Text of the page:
The ingenious way Elvis Presley even made money off his haters
This is an encore episode that aired originally on January 25, 2014.
When Elvis Presley hit the airwaves in 1954, rock and roll as we know it discovered its first bookend.
His original five singles on the Sun label, were regional hits in the Southern U.S., but his impact was beginning to send tremors throughout the music industry.
In November of 1955, Sun Records founder Sam Phillips ran into financial difficulties and sold Elvis's contract to RCA Records for $35,000 – which was the largest sum paid for a singer up until that time.
In March of the following year, a cigar-chomping ex-carnival promoter named Colonel Tom Parker signed Presley to a management contract. It would be a partnership that would last until Presley's death 21 years later.
So Parker was determined to ride that short wave for all it was worth by marketing Presley in ways no other manager had ever dreamed of.
With his new RCA contract, Elvis insisted on recording a song inspired by the suicide of a lonely man who jumps from a hotel window.
It was called Heartbreak Hotel. The record company was completely against it, saying nobody would be interested in a song that morbid.
Elvis was unfazed, and recorded it anyway. The song topped Billboard's charts for seven weeks, going to number one on the country & western and R&B charts, and became Elvis's first million selling record.
Seeing that national success, Colonel Tom Parker started to plan an extensive marketing campaign to make his boy the number one attraction in North America.
All the while, Elvis harboured a secret desire to be a movie star. It is believed that this was Elvis's real goal in life.
The film was a huge hit, and there were one million advanced sales for the title song – a first for a single in music history.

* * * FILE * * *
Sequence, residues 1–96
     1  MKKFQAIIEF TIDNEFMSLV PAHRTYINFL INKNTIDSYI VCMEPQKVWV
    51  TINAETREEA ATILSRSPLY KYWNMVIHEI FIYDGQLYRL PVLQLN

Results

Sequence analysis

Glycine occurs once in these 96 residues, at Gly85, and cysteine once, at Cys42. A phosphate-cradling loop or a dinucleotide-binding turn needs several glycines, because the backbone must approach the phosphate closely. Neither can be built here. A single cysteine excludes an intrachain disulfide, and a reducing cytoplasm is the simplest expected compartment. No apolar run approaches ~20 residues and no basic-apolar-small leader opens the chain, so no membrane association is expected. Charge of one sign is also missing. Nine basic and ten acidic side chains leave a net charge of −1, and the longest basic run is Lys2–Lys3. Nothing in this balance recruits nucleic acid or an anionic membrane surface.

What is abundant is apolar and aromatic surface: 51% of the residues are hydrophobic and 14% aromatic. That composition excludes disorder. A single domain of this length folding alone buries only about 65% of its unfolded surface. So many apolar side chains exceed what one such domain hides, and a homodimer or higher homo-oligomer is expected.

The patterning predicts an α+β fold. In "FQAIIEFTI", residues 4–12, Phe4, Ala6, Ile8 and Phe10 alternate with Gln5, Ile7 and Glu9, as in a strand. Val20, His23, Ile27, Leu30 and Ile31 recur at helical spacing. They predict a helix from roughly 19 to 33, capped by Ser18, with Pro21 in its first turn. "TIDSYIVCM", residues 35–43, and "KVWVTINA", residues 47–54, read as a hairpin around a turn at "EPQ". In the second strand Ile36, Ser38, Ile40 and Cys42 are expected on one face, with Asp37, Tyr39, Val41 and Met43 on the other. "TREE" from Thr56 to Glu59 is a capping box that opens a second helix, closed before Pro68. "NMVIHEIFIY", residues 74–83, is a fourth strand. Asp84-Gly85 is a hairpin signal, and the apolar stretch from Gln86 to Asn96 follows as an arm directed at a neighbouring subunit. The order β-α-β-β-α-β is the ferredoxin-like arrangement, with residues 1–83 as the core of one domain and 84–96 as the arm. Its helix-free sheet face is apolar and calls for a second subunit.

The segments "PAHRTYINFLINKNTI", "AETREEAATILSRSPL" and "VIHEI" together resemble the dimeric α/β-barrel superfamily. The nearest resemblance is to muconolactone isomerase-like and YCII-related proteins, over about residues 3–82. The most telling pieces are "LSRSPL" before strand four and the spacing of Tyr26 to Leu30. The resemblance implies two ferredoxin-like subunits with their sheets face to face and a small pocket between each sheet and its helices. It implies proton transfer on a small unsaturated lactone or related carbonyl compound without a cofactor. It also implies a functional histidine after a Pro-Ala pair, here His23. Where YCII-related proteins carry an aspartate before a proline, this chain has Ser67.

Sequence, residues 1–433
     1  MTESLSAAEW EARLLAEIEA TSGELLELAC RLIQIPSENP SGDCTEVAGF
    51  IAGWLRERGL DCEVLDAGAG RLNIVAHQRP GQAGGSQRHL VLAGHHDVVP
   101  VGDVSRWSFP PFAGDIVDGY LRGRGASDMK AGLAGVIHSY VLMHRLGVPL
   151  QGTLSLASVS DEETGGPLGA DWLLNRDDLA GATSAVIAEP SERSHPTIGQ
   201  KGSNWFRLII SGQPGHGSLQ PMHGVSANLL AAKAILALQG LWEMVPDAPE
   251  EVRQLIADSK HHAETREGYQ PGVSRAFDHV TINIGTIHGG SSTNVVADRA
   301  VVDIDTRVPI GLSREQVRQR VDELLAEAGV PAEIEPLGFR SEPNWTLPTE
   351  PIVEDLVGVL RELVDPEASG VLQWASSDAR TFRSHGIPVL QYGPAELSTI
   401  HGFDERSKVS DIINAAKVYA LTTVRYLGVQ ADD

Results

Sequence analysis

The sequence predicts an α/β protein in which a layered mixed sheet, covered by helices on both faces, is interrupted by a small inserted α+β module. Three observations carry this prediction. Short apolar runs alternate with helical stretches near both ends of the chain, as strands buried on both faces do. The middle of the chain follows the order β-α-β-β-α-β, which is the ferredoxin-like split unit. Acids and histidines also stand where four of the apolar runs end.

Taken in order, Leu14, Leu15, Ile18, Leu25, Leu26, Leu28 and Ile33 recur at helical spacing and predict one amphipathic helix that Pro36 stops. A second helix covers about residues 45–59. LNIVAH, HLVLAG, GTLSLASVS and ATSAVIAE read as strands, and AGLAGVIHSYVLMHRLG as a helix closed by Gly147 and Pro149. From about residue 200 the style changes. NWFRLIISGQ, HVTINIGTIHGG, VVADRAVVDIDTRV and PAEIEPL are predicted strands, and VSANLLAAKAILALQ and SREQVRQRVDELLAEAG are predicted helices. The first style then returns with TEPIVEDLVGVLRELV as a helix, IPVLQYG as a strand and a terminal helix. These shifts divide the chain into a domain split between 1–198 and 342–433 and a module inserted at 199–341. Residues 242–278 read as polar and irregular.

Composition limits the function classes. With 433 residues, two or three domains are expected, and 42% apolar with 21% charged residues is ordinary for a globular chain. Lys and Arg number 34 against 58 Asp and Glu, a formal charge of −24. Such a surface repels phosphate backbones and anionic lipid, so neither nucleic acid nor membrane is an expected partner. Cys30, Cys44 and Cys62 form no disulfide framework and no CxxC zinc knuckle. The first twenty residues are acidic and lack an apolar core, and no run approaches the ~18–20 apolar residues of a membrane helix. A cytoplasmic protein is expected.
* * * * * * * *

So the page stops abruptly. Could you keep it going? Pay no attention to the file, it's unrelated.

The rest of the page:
Sensing a marketing opportunity that no music manager had every considered before, Colonel Parker signed a deal with a Beverly Hills movie merchandiser for $40,000.
The goal was to turn Elvis into a brand.
It was a revolutionary strategy, as it was the first all-out merchandising campaign ever aimed at the teen market.
In just a few months, over 50 different Elvis-themed products were produced, from charm bracelets and necklaces, to scarves, teddy bear perfume, Topps bubble gum cards, and sneakers… to record players, hats, and lipsticks in "Heartbreak Pink" and "Hound Dog Orange" – sold with the slogan, "Keep Me Always On Your Lips."
The Wall Street Journal reported that by the end of 1957, Elvis merchandise had grossed over $22 million dollars.
By 1962, Colonel Parker's share of that booty would become an eye-popping 50%.
When Elvis went into the army for a two-year posting in 1958, this sustained merchandise marketing helped keep his image alive. When he returned in 1960, it was as if Elvis hadn't skipped a beat.
The nearly 50 year-old Colonel Tom Parker had not only promoted the first major rock and roll star in history, he had designed the first-ever blueprint for marketing rock and roll that included not just the music, but movies, TV shows, concerts and hundreds of products.
For more stories from Under The Influence, click or tap on the "Listen" tab to hear the full episode.
You can also find us on the CBC Radio app or subscribe to our Podcast.
Under The Influence is recorded in the Terstream Mobile Recording studio - a 1969 Airstream trailer that's been restored and transformed into a studio on wheels. So host Terry O'Reilly can record the show wherever he goes.